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      Trees, bushes devastated by hungry rabbits

      Trees and bushes took a beating with this winter's record amount of snowfall weighing them down, but the damage doesn't stop there.

      Hungry animals destroyed plants.

      Many people were shocked by what they found when the snow melted away.

      â??I never thought that that would happen,â?? said Penny Korb of Traverse City. â??I figured it was safe being under all that snow. I knew that I had rabbits because you could see the tracks all the time, but this was really different this year.â??

      As the snow melted away, the damage left behind by rabbits and mice became visible, surprising even the experts.

      â??I've lived here for 24 years, definitely the worst rabbit injury in that time,â?? said Duke Elsner, Small Fruit Educator with the MSU Extension. â??Either from mice way below the snow at the ground line, or from rabbits who were able to get above the guards that people would have in place. The typical guards were just not high enough. So rabbits got to things this year.â??

      Older trees are hardier and should be able to withstand the damage, but the younger trees were tempting for hungry critters.

      â??It will really impact the young trees, so things that were going to be coming into bearing the next two or three years were the ones that were really damaged,â?? said Elsner.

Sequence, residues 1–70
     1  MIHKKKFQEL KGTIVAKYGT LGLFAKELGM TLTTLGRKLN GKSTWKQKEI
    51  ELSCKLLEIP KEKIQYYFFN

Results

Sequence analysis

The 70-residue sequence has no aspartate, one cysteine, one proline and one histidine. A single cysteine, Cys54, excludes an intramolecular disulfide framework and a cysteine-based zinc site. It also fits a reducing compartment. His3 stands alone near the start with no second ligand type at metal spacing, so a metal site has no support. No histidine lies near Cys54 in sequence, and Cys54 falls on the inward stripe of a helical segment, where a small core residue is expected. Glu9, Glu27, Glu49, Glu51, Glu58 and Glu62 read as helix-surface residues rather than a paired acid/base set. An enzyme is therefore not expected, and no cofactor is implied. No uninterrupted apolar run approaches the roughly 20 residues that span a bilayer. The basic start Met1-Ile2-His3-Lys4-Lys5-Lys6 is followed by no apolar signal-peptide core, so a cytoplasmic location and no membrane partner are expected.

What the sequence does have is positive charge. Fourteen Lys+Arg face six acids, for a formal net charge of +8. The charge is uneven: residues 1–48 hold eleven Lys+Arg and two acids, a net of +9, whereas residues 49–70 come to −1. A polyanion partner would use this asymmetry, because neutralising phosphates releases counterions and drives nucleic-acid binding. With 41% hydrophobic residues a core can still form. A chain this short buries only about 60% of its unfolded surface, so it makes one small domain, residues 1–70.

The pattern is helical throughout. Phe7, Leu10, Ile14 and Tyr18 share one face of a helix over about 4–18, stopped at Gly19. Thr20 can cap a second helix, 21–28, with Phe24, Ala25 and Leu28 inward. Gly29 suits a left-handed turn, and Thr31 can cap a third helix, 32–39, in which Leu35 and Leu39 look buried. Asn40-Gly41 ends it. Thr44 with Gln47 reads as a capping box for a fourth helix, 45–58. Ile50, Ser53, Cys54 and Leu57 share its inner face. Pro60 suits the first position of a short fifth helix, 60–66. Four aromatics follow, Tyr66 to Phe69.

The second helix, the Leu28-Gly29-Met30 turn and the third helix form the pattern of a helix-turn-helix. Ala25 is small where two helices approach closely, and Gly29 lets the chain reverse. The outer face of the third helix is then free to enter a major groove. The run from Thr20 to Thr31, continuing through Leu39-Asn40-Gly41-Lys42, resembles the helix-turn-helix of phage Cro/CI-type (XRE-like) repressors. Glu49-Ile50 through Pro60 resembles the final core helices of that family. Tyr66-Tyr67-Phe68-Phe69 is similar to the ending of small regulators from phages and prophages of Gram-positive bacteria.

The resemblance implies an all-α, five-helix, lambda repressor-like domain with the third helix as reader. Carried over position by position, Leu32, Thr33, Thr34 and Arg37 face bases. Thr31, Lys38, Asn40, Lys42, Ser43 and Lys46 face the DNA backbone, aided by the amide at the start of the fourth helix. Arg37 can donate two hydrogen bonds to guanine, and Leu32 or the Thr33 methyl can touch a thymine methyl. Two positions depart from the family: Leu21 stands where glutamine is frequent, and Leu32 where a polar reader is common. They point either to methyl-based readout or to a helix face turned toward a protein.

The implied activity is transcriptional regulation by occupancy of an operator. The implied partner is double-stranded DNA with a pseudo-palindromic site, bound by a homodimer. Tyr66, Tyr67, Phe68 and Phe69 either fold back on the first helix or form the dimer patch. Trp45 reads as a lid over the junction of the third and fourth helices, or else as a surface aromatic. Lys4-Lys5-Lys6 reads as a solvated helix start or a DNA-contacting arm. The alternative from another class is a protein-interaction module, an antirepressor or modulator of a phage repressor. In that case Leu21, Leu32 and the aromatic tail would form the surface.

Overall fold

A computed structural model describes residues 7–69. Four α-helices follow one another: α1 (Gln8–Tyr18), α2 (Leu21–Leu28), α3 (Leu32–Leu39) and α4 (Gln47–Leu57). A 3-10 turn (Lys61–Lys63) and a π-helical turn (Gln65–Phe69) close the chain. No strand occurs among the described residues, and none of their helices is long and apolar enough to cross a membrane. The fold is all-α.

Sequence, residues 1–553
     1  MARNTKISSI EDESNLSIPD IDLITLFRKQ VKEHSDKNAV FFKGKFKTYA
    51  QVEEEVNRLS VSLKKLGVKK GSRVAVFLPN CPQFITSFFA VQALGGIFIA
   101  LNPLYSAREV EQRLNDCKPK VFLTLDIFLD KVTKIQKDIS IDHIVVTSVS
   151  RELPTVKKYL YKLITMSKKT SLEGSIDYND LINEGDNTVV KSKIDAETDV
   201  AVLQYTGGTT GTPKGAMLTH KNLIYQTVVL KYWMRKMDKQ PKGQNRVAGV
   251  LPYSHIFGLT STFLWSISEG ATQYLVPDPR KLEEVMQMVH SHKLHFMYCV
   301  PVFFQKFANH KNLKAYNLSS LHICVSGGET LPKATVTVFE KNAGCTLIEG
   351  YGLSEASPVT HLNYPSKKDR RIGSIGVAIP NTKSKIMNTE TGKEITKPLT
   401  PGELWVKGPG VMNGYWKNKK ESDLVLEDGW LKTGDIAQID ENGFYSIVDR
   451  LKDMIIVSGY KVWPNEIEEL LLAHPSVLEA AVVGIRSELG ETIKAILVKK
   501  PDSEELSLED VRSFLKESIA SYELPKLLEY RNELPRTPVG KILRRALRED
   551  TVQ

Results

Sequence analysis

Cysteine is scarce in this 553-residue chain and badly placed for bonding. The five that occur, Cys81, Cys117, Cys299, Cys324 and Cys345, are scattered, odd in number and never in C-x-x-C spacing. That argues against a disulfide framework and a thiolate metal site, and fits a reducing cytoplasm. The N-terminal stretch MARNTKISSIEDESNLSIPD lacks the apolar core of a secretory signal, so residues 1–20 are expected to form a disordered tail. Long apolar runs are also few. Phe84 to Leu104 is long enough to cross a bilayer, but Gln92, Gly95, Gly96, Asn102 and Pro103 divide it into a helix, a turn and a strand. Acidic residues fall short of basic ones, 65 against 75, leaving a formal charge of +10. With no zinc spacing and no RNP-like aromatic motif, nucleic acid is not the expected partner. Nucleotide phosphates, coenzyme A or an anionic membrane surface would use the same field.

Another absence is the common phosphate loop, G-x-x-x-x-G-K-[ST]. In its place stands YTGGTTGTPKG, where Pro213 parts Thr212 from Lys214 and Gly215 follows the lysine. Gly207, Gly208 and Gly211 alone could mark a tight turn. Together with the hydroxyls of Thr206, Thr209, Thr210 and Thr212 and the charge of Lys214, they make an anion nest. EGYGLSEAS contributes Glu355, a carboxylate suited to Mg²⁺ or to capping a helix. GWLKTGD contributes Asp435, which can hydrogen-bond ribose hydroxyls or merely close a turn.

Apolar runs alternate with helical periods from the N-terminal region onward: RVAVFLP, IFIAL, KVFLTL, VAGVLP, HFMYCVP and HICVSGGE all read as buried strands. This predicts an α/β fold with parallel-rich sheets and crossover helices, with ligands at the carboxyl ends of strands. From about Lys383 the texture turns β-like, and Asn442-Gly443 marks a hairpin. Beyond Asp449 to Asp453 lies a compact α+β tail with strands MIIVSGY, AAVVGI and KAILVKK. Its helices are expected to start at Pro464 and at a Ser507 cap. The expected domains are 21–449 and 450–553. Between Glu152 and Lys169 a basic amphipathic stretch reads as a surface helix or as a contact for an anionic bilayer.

Trees or bushes with girdling damage, where the bark is removed from around the entire stem, likely wonâ??t survive because the bark transports nutrients to the entire plant.

      â??You have all this exposure to bare wood. It's not going to do anything. It pretty much killed it,â?? said Korb.

      There could be substantial damage to commercial fruit crops. Some growers may have to replant. Others may try bridge grafting to restore the bark.

      â??It's extremely difficult and even very experienced people only get a small percentage of success on that. I'm going to be putting taller guards on all of my trees and shrubs next year,â?? said Elsner.

      â??You just start over, just tear it out and start over. That's the nice thing about plants: they re-grow,â?? said Korb.

      Korb is going to replant, but she plans on sticking to things that aren't so susceptible to animal damage.

      The extreme cold also wreaked havoc on trees and bushes. Many conifers are showing signs of winter damage. The long-term impact depends on whether the buds were affected.